Trouble flared when those fans, who always stood – and had no intention of sitting during games as the belted out ‘Bubbles’ – took their places in sections full of families, older fans and tourists keen to soak up the atmosphere of the Olympic Stadium and snatch a few selfies to take back home with them. Oversights like this not only cause discord within the stadium, but they unsettle fans – the people who ultimately in my opinion, clubs will always belong to. The Rovers board will have to make sure they get things like this right first time when UWE, or another suitable site, lands at the top of their agenda. For example, the new stadium needs to have a singing end. I actually hate that term, it makes it sound as if we are entering a school choir competition. But fans who have season tickets for the North Terrace at the Mem, which is a special place from which to watch games regardless of your age, gender, creed or colour, have to be given the opportunity to be allocated seats together in one particular end. There is no point having a home end which houses a couple of thousand ‘noisy boys’ away in one far corner, another couple of thousand in the opposite corner and another 1,000 here, there and everywhere else.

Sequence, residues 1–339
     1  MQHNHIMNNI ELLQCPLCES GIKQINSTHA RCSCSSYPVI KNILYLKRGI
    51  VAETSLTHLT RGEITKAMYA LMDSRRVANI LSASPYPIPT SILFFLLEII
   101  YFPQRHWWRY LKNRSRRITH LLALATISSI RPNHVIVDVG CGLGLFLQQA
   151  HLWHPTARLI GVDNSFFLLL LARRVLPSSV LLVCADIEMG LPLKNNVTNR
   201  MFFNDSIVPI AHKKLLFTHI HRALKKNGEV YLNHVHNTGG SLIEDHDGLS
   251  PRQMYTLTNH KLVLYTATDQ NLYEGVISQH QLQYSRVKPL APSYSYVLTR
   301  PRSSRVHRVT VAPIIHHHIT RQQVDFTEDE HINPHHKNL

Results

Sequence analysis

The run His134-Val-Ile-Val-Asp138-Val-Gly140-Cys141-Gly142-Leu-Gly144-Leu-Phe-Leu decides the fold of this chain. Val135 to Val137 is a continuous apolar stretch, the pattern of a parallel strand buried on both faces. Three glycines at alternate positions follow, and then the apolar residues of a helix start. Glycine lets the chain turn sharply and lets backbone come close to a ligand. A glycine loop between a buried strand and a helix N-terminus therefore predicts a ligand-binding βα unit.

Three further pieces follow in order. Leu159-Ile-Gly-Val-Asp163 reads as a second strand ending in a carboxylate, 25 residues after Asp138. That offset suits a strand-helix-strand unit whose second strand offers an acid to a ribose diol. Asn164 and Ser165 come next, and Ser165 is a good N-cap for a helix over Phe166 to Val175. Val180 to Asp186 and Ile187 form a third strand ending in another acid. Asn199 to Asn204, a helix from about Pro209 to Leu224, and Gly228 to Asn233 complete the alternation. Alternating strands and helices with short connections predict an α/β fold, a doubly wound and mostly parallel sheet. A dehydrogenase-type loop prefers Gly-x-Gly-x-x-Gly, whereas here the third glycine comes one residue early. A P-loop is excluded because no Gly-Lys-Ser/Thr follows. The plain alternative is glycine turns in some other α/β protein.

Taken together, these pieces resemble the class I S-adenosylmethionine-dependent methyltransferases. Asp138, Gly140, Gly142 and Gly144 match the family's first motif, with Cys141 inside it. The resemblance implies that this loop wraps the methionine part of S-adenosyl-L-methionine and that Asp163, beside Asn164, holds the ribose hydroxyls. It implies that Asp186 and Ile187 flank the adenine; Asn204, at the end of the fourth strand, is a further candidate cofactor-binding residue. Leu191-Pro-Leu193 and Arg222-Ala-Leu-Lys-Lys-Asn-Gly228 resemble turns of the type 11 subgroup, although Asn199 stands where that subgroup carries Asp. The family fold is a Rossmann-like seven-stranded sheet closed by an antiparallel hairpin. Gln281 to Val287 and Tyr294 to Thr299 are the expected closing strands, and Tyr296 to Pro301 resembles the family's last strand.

We need to make the home end at a new stadium as much like the North Terrace as is humanly possible. It has to be made clear to supporters, some of whom may be buying season tickets for the first time, as the club’s supporter base grows, that one end is to have a ‘terrace-like’ atmosphere. And when the seats have been sold for that end, start allocating supporters who want to sing spots in sections alongside that end, if they want to be there obviously. That way the home support will appear to wrap around that end of the ground, and with filled in corners the massively vocal Gasheads among us will envelope a large chunk of the stadium and create a sea of blue and white and an impressive level of decibels. We can’t have and don’t want to have a West Ham-style scenario. I know people will say they want the whole ground to be full of Rovers fans every week, not just in one end. But noisy fans create an atmosphere, not the rank and file – unless the board are going to hand out 21,000 free cardboard clappers at home games like Leicester did at the King Power. The club’s owners need to ensure they consider such things.